The Lives We Lead: Lisa Slavid ’90

Every alumna who comes back to Smith for Reunion has a story to tell. In this series alumnae reflect on the experiences that have shaped their lives since graduation.

Lisa Slavid ’90Major: Art and psychology

House: Morrow and Talbot

Hometown then: Needham, Massachusetts

Now: Santa Barbara, California

Career: Coordinator, strategic initiatives at UC Santa Barbara; cartoonist and photographer

How I came to Smith: Initially, I had some hesitation about coming to a women’s college. Although I might have known at the time I was gay, I wasn’t sure, and I thought, where am I supposed to meet guys? Plus, I come from three generations of Mount Holyoke grads. But within the first twelve hours of being here I met so many interesting people, I felt completely comfortable.

My favorite place on campus: The willow tree by Paradise Pond near the Japanese pavilion. It had branches that formed a canopy, and when you were inside, it felt like you were in an outdoor chapel. With friends, I hung out in the alcove on the fourth floor or in the dining commons of Morrow House. There was a jukebox there—the only one on campus as far as I know.

Career path: I was head resident my senior year at Talbot, and I stayed on after graduation to work for two years as head resident at Cutter. I knew I wanted to do something in the field of counseling or student affairs as a career. Majoring in both art and psychology was a good balance for me, because it allowed me to pursue my other interests, which are photography and creating cartoons.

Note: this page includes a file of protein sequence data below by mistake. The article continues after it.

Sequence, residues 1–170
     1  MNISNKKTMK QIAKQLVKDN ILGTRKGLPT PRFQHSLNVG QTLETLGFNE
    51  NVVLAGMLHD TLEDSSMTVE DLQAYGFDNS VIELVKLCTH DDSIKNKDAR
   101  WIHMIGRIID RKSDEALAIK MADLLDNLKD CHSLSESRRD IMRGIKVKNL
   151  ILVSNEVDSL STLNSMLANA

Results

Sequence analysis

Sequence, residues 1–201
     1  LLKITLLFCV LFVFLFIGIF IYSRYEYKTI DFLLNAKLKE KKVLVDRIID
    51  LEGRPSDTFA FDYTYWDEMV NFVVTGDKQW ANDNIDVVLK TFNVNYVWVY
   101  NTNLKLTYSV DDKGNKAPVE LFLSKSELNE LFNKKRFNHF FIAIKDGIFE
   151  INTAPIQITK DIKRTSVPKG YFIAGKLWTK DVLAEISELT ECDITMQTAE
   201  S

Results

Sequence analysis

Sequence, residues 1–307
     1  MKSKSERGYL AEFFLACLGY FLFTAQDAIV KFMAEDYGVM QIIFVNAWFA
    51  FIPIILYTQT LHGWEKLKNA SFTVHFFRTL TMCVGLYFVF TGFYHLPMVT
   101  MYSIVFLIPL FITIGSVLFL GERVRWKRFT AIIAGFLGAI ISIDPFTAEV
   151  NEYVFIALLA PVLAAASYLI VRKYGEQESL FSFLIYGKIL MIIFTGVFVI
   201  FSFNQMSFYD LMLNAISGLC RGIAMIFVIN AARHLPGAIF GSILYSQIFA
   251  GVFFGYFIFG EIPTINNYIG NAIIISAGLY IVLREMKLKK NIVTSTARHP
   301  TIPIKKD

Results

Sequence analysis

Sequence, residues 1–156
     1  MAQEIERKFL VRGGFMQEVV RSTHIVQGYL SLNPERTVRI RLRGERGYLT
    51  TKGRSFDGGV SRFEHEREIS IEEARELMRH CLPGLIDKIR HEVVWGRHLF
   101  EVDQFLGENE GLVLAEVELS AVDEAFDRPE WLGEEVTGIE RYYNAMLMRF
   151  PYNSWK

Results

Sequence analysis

Life after Smith: I’ve worked in student affairs and resident life, first at Santa Clara University, then at UC Santa Barbara. I also create irreverent cartoons about fruits and veggies, with 10 percent of the proceeds going to the World Food Programme.

Friends forever: I met such bright, inquisitive women and learned so much from them. We are all on different journeys now, but we keep in touch, and it’s sweet to see where life is taking them. I can’t imagine a better place to have discovered my sexual identity. My classmates, both gay and straight, were so supportive.

Lessons I learned: Smith gave me an anchor, a foundation to explore what it means to be a woman. It gave me the self-confidence to know who I am as opposed to what a magazine says I should be. Living and interacting with such a diverse group of women, I learned a lot about the complexities of multiculturalism, about the value of dialogue rather than debate. Smith awakened my sense of adventure, too. J-term of my junior year I went kayaking in the Everglades with psychology professor Eric Carlson. After graduation, I traveled around the world as resident director and dean of students with Semester at Sea out of the University of Virginia.

My life today is: Happy and in transition.

Fall ’10 SAQ